If war lasts longer than a year, 90% of Ukrainians will fall into poverty – UN

16 May, 04:02 PM
Results of Russian shelling of civilian area in Ukraine (Photo:REUTERS/Zohra Bensemra)

Results of Russian shelling of civilian area in Ukraine (Photo:REUTERS/Zohra Bensemra)

If Russia’s war against Ukraine lasts more than another year, 90% of the Ukrainian population might fall into poverty, according to an analysis published by the United Nations.

Russia's war against Ukraine - the main events of May 16

According to the analysis, the Russian army has damaged an estimated at $100 billion worth of Ukrainian infrastructure. But the UN says this cost might eventually climb to a sum 5-6 times more.

“Ukraine: ruined buildings, roads, bridges, hospitals, schools and this costs at least $100 billion,” the UN’s analysis reads. “Half of all businesses are completely shut down, the other half are experiencing major obstacles. A long-term conflict might lead to nine out of 10 Ukrainians falling below the poverty line,” the UN said.

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The World Bank defines a country as poor if its average spending per capita is no more than $2.50 a day. Under this definition, many African nations are defined as poor, while no European country so far qualifies as poor under the World Bank definition. Even in the most economically problematic countries, like Moldova, Belarus, Armenia, Bosnia and Kosovo, most of the population is able to spend more than $2.50 a day.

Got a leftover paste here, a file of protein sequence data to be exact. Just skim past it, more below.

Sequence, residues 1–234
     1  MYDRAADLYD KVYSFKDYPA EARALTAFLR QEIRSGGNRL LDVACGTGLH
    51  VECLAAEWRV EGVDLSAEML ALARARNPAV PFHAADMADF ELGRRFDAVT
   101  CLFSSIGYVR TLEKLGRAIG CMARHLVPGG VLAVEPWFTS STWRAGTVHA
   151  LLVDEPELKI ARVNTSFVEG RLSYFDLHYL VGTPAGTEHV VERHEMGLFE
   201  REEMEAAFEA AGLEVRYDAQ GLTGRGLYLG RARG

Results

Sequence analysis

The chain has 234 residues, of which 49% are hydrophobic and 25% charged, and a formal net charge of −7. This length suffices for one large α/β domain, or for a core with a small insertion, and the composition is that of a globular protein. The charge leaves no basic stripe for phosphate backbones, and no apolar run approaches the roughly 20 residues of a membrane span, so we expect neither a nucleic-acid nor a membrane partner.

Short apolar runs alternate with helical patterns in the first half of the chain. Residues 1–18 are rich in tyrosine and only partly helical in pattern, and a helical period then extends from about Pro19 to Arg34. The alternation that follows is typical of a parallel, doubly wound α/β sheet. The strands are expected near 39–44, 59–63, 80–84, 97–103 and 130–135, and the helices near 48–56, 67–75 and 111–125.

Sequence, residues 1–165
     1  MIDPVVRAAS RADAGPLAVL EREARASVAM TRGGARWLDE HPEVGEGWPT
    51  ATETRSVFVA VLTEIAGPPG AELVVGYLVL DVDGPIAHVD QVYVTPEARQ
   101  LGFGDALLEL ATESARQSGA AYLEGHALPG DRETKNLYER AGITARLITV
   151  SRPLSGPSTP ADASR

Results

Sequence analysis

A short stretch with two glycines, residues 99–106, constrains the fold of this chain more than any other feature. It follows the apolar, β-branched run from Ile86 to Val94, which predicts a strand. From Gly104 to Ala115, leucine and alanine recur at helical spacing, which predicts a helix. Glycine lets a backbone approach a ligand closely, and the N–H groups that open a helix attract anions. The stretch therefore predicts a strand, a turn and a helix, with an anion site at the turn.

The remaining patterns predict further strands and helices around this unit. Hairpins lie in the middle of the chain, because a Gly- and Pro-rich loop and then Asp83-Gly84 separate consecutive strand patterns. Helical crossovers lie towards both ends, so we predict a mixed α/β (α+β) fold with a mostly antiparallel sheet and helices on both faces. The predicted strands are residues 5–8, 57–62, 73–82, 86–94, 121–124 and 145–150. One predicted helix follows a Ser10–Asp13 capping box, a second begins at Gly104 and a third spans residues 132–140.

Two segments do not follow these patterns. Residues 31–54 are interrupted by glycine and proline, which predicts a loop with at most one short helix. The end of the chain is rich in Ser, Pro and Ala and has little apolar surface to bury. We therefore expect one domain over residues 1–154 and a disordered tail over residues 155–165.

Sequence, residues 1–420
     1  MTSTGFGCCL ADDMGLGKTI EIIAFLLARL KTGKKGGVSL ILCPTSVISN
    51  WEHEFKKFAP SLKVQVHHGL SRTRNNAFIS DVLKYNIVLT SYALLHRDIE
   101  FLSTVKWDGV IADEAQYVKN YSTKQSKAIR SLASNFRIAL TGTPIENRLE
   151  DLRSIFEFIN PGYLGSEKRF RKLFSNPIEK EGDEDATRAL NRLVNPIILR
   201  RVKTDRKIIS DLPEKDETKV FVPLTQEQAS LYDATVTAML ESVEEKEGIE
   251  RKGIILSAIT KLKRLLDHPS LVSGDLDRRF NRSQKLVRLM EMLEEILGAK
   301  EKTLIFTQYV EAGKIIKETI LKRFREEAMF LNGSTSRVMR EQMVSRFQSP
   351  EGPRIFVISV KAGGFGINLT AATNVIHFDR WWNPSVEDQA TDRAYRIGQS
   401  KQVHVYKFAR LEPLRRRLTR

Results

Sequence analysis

The United Nations Commission on Human rights previously published a report on the victims of the Russian full-scale aggression which started on Feb. 24.

According to it, 3,573 Ukrainian civilians are confirmed to have been killed, 3,816 wounded.

On May 11 figures stood at 3,541 and 3,785 respectively. Unconfirmed estimates of losses are much higher, the UN has said.

Besides human losses, many business assets have been ruined, which is leading to rising unemployment in Ukraine. In Mariupol, in Kyiv Oblast, in Chernihiv, and in Mykolaiv material losses within the urban economy have created major disruptions to further economic development and job creation.

The situation in Russia’s economy is difficult as well. The massive exodus of Western companies has led to a drastic increase in unemployment among white-collar workers. Major multinational energy and banking groups have already quit doing business in Russia.

Retired U.S. General Ben Hodges recently shared a forecast on the future development of Russia’s war in an interview with U.S. cable news channel CNN. According to him, the Ukrainian army will push the Russian invaders back to their positions as of Feb. 23 close to the end of summer.

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